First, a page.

Christopher Radko Fine hand crafted blown glass ornaments in turn of the century style.
Since 1986, Christopher Radko has devoted himself to restoring magic, heart and fine craftsmanship to holiday celebrations and it all began with a family calamity. His family’s Christmas centered around a 14-foot tree filled with glass ornaments collected by three generations. In 1984, the tree crashed to the floor one week before the holiday shattering almost every ornament. Also lost were many cherished memories and family traditions, but Christopher was determined to restore them.
Visiting relatives in Europe, Christopher found a glass-blower eager to revive the art of his great-grandfathers, dormant since the turn of the century. Christopher encourage him to recover their antique ornament molds, supplied him with designs from his own imagination, and sold the finished product door to door in New York City. Since his first collection i ~f 50 ornaments in 1986, Christopher has created more than 5,000 designs. From the lone craftsman who made the first ornaments, Christopher’s business has grown to employ more than 3,000 people in cottage workshops in Poland, Germany, Italy and the Czech Republic.
Each of Christopher’s glass ornaments is made entirely by hand, using techniques dating back to the l8OO’s — a process that requires seven days to produce a single ornament! The ornaments are mouth-blown in tempered glass for durability, lined with silver for luminescence and painted with loving care in every intricate detail. The delicate lashes on each face, for example, are hand-painted by Christopher’s famous “eyelash lady.” These personalized touches create the charming variations in each ornament that make it a one-of-a-kind heirloom.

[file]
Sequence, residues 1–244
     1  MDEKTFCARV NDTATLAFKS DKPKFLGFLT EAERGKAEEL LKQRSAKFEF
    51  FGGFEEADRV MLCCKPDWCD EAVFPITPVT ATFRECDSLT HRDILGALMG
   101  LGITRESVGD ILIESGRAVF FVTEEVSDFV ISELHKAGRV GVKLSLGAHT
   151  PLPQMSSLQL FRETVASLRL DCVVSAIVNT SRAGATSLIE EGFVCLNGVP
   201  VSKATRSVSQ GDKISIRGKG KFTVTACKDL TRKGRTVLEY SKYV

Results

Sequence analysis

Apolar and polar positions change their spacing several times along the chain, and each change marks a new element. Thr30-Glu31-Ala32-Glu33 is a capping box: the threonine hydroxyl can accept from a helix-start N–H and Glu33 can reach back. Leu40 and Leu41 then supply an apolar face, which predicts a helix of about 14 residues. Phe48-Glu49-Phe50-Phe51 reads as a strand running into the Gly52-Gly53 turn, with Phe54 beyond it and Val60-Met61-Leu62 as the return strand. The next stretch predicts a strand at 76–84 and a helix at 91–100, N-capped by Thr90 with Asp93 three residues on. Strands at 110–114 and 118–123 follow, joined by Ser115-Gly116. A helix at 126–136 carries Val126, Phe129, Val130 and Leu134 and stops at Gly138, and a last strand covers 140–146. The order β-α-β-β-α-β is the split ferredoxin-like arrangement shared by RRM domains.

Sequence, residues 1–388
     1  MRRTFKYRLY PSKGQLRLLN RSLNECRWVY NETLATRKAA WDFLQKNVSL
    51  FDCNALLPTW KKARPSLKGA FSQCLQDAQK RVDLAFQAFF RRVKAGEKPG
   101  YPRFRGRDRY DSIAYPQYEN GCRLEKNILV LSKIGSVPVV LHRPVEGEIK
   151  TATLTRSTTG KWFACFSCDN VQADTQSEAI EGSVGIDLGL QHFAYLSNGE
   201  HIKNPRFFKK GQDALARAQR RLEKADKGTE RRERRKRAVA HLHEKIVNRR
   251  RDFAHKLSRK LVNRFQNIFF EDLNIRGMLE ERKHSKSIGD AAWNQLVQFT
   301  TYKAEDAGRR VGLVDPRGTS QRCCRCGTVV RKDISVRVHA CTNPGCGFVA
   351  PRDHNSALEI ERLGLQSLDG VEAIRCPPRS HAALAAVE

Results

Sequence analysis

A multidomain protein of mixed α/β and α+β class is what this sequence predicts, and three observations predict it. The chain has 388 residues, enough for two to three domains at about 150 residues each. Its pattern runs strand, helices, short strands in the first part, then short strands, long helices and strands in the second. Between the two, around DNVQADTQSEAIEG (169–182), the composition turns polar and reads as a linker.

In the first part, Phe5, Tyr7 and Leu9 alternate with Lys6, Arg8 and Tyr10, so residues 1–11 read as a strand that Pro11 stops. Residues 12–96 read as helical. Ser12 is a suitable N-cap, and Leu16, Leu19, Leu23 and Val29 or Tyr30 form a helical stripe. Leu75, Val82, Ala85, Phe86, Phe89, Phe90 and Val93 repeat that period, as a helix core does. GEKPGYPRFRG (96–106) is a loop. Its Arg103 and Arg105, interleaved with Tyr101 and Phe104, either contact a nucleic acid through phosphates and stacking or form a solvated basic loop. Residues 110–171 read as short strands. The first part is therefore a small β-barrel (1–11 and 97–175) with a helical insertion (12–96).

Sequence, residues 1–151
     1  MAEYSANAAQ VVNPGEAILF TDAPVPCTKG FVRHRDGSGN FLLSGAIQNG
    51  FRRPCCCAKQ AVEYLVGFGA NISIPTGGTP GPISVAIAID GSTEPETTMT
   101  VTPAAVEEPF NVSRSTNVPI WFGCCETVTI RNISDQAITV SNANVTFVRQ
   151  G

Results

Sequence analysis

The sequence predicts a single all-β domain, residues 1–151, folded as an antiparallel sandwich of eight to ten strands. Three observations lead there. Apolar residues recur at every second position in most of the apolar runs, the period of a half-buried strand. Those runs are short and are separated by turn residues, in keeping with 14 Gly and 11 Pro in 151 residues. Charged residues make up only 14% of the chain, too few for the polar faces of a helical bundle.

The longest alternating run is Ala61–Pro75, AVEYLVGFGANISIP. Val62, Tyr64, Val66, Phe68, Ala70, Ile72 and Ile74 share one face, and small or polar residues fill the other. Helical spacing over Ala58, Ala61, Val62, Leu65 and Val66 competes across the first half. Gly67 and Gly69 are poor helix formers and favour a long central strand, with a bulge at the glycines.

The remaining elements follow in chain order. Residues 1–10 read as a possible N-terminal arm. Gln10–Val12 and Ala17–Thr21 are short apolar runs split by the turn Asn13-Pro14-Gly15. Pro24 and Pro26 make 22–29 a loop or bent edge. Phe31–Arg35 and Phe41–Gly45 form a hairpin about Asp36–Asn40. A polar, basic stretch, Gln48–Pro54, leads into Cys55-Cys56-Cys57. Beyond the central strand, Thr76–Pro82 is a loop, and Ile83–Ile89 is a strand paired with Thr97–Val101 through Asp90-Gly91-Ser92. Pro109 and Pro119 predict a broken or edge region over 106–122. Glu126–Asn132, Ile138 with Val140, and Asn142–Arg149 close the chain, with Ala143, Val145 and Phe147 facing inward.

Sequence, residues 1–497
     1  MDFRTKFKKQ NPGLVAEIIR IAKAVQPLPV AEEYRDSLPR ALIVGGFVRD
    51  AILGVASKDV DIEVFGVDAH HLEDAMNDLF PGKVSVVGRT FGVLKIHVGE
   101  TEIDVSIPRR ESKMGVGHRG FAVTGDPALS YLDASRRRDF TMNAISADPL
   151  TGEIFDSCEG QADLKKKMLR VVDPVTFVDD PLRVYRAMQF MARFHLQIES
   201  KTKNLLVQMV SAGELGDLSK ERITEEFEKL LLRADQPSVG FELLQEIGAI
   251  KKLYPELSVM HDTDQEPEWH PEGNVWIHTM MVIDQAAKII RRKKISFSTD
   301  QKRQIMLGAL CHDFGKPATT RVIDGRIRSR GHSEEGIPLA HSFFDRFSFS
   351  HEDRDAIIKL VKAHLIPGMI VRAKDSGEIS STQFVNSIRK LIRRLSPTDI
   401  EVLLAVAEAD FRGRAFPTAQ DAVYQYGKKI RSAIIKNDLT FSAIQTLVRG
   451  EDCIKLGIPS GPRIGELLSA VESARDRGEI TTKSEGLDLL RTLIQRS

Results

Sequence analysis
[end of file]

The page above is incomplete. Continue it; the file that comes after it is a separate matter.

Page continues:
The artistry of Christopher Radko was borne of a desire to bridge warm memories of holidays past with new traditions for today. Christopher takes pride in the way his creations connect families and friends, young and old, one ornament at a time. Radiant with sparkle and a glow from within, his designs are not just decorations. They are works of heart!
The Creation Process
Day 1: A Glass Rod Is Heated Before Being Blown Into The Mother Mold.
Once Christopher conceives a design, it is submitted to a carver who works a model from clay or plaster.
The carver then gives the approved piece to a mold maker. Using a Renaissance-era technique, a sand-cast mold is created from molten metal. This becomes the mother mold, and the ornament-making process can begin.
On the first day of production, the glassblower creates the ornament using clear tempered glass, used by Christopher Radko for its strength. Other ornament makers have used lower-grade glass, increasing the risk of breakage. Thus there is a noticeable difference in the weight of a Radko ornament, making it more solid to the touch.
Day 1: The Molded Glass Is Reheated And Tempered For Durability.
On the second day, the ornament is injected with liquid silver, another process clone by hand. The silvering gives the ornaments their luminescence and, once again, sets them apart from other glass decorations.
On the third day, the base coat of matte lacquer is hand-applied: the white on a snowman, for instance, or the red on a Santa. The following day, a second application of lacquer adds the ornament’s other vivid colors.
Day 4: Colored Lacquers Are Applied Over The Matte-Finish Base Coat.
Day five, fine details like the seeds on a strawberry are hand-painted. With painstaking care, artisans take the ornaments from the realm of decorations to pure works of art.
Day 5: Fine Details Are Hand-Painted.
On the sixth day, a dusting of glitter is applied to give extra sparkle; and on the final day, the finishing touches of placing the customized cap on the ornament, tagging, and packing the design for shipment are completed. The ornament is on its way to becoming part of your own holiday traditions!
FINE ORNAMENT CARE
Christopher Radko uses organic, water-based paints for his ornaments, so never use water, soap or solvents to clean them. Simply using a feather duster will preserve their sparkle and luster. Avoid displaying them indirect sunlight, as some pigments may fade. Store ornaments in a dry, dark place, avoiding humidity, dampness or extreme temperatures.